How do I know if my bill was estimated?
If a meter reader couldn’t access your meter then they should leave you a note explaining why they couldn’t record your usage. On your next bill, check the last page where it usually breaks down your electricity or gas usage. If there’s an ‘E’ next to your recorded usage, it means your bill was estimated.
Energy retailers typically provide estimated billing if you pay monthly. This is because, if you have a meter that requires manual reading, it is unrealistic to expect the meter reader to visit your property every 30 days or so. If you have monthly billing, you will likely have estimated bills with a monthly ‘settlement’ bill to bring your costs back on track with your actual usage after a meter reading.
How do I read my meter?
There are three types of meter: accumulation, interval and smart. As we mentioned at the start, smart meters are read remotely, so you will never need to submit your usage yourself. Interval meters record power usage in 30 minute blocks to allow customers access to time of use tariffs. These meters are very technical however and require a special device to take a reading, so a meter reader from your energy company is required.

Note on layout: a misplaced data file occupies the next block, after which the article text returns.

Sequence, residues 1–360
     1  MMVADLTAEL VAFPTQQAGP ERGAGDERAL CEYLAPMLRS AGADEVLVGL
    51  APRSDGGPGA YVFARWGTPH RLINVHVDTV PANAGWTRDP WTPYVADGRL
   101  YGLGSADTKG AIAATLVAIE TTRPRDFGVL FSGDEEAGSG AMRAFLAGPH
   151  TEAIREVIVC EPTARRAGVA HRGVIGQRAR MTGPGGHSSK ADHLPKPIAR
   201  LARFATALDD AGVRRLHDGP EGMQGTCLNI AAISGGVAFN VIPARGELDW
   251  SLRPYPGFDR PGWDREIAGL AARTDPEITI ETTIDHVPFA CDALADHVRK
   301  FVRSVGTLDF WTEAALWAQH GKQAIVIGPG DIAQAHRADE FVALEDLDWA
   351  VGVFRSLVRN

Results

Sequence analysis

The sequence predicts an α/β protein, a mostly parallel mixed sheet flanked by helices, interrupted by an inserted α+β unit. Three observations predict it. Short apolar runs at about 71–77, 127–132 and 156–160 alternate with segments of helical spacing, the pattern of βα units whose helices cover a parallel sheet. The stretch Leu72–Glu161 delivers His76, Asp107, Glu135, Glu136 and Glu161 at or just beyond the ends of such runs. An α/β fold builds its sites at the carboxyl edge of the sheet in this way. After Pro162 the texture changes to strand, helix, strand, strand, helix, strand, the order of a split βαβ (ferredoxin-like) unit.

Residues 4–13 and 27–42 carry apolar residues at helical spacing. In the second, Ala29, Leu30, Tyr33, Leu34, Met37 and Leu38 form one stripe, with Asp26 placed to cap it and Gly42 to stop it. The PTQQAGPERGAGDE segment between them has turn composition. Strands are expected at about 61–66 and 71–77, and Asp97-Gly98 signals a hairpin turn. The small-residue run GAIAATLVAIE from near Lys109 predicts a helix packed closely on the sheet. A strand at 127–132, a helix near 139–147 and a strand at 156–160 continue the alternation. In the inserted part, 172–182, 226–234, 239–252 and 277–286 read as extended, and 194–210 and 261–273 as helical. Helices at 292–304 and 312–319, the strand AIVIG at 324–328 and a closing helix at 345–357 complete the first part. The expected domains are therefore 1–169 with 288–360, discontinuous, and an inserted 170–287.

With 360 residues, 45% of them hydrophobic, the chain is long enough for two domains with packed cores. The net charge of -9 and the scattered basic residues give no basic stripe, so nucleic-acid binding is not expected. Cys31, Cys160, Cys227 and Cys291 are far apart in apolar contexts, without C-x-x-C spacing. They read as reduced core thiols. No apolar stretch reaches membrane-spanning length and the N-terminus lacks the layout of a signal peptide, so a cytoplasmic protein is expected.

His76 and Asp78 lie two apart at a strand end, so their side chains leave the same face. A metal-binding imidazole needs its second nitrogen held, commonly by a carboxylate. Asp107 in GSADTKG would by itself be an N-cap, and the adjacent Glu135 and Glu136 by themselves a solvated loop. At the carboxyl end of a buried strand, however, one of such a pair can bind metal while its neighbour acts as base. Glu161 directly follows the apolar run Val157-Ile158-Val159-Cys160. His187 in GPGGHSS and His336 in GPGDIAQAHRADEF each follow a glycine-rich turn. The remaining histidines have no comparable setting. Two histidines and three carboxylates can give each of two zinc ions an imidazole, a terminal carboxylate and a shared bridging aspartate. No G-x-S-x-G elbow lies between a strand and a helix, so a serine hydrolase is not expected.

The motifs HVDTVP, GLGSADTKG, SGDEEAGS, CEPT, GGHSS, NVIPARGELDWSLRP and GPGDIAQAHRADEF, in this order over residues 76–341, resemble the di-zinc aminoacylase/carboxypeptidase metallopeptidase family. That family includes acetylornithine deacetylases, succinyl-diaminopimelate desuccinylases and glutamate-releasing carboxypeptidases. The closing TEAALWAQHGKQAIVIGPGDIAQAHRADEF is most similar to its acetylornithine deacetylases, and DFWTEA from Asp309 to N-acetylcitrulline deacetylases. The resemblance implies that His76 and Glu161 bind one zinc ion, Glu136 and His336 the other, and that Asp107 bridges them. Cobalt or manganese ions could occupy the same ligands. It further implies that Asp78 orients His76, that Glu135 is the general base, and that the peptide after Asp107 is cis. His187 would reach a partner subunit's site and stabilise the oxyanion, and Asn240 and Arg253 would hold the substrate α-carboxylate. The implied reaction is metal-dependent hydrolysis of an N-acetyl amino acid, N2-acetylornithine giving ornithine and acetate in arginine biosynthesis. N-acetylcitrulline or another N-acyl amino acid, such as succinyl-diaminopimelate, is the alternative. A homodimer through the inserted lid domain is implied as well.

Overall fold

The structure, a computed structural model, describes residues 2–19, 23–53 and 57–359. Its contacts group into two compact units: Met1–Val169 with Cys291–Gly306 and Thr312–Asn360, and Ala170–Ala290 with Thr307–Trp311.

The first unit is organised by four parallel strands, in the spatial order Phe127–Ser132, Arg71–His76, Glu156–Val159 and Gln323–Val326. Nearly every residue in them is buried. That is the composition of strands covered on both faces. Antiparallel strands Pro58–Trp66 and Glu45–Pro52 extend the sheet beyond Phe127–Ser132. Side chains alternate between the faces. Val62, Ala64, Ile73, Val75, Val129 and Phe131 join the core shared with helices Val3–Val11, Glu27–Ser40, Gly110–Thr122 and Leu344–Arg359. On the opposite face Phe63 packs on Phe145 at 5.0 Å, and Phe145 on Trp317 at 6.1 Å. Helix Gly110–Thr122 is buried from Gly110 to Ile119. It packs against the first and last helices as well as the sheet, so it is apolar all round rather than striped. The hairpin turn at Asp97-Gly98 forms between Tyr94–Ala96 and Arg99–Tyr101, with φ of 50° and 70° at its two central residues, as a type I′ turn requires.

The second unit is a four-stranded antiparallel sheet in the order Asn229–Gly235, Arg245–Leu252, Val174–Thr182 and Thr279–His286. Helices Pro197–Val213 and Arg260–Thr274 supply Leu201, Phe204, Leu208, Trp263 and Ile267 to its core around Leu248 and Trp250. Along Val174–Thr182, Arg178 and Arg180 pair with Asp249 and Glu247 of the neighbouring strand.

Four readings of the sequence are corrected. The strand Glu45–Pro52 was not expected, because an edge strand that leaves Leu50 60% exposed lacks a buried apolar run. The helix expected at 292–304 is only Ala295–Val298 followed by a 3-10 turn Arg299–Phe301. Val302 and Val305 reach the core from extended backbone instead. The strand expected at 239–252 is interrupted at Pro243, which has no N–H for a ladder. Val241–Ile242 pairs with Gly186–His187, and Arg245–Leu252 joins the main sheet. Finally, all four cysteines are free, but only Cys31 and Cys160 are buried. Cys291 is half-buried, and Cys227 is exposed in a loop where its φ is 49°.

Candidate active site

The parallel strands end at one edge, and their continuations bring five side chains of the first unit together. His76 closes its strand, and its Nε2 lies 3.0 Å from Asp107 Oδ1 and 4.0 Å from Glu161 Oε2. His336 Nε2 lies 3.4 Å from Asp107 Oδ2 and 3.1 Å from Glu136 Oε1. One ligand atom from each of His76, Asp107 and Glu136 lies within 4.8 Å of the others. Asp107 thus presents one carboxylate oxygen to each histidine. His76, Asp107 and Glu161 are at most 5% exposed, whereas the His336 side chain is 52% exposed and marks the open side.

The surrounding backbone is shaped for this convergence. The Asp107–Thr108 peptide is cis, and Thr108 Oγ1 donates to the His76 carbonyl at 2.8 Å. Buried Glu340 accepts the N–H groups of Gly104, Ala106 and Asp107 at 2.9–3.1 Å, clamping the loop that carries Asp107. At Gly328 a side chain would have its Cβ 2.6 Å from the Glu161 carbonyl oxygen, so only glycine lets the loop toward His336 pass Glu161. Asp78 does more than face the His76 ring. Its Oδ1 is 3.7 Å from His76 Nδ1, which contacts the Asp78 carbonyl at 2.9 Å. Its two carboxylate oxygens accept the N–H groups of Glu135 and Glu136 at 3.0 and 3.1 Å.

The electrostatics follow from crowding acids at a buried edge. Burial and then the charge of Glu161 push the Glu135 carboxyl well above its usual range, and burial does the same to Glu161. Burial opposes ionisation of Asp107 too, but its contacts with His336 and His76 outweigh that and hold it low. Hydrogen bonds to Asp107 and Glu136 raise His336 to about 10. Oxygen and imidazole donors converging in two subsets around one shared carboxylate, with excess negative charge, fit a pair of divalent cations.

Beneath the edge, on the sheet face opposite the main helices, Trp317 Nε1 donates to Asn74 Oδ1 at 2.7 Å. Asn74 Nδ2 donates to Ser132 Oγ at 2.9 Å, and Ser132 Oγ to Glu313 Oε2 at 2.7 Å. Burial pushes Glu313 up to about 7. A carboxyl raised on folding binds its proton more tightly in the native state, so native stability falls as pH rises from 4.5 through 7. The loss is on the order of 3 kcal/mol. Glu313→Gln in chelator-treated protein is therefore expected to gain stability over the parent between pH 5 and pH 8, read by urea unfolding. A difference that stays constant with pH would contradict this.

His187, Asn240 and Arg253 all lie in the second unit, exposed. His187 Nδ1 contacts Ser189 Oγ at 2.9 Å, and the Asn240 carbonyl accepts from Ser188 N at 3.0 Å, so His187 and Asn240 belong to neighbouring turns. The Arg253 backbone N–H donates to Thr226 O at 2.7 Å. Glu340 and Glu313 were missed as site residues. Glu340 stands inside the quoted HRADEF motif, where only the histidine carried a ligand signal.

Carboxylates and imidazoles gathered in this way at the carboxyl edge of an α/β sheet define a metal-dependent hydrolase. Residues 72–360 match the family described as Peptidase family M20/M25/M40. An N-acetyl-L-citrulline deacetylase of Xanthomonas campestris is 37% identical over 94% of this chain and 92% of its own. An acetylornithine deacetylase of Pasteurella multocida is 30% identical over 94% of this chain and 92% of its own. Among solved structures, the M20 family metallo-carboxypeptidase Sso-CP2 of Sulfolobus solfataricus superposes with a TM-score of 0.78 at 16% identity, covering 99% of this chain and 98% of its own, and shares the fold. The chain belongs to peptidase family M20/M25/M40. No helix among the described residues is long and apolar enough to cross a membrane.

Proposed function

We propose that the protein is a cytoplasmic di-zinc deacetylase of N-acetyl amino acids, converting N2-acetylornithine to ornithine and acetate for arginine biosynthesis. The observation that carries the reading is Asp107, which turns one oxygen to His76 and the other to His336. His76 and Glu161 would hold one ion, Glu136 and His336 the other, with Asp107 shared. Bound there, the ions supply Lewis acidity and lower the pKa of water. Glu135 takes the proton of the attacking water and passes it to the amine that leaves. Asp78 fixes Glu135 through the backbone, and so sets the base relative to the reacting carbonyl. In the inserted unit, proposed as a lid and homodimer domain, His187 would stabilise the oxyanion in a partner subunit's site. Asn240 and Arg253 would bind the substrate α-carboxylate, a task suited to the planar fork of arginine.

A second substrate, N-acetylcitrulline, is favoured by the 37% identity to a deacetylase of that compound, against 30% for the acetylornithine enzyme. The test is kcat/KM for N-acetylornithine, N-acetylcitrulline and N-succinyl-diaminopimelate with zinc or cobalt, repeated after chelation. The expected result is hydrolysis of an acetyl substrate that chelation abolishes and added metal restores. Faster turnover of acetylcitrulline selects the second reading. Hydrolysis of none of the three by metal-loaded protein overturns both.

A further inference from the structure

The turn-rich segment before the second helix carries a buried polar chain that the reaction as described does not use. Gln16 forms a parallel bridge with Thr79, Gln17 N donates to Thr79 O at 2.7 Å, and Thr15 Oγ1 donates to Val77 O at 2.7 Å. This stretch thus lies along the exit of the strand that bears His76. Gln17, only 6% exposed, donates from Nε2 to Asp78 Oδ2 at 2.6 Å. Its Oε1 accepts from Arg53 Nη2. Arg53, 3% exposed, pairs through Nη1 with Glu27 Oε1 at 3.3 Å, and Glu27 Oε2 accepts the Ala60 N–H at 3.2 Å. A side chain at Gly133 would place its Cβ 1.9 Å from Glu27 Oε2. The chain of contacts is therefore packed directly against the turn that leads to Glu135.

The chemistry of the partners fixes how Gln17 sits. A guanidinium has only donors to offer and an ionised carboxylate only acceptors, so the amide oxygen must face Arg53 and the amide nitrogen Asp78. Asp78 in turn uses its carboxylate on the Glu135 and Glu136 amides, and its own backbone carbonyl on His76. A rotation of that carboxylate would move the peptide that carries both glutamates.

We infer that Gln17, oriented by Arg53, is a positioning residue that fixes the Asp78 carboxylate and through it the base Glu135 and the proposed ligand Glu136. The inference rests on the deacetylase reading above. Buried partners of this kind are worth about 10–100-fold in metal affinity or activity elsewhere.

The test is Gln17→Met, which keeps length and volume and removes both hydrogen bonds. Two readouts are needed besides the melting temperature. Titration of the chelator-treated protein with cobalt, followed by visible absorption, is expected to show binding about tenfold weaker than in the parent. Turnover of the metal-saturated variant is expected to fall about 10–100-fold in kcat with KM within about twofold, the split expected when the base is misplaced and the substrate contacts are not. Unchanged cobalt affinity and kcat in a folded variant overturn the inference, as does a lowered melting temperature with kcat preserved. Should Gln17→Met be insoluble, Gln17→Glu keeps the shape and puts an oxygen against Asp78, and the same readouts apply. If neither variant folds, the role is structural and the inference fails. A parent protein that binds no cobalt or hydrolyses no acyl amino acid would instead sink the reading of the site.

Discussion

There are three types of accumulation meters: Cyclometer, dial display and digital display. Cyclometer and digital display meters present a sequence of numbers which read from left to right. For example, the cyclometer pictured earlier would read 65437 kWh. Dial accumulation meters have five main dials and one smaller dial which can be ignored. Simply read from left to right on each dial, checking where the hand falls. If the hand of the dial sits between two numbers, then take the lowest. To illustrate, the dial meter displayed near the top of this article would read 06511 kWh.
Which energy retailers accept customer meter reads?
Under the National Energy Retail Rules – which apply nationwide except WA and NT – almost all small business and residential customers are entitled to submit their own meter reading. That said of course, you will probably have a better experience dealing with some retailers rather than others. To see how thousands of other Aussies rated their retailer for customer service, value for money and more, check out Canstar Blue’s customer satisfaction star ratings via the link below.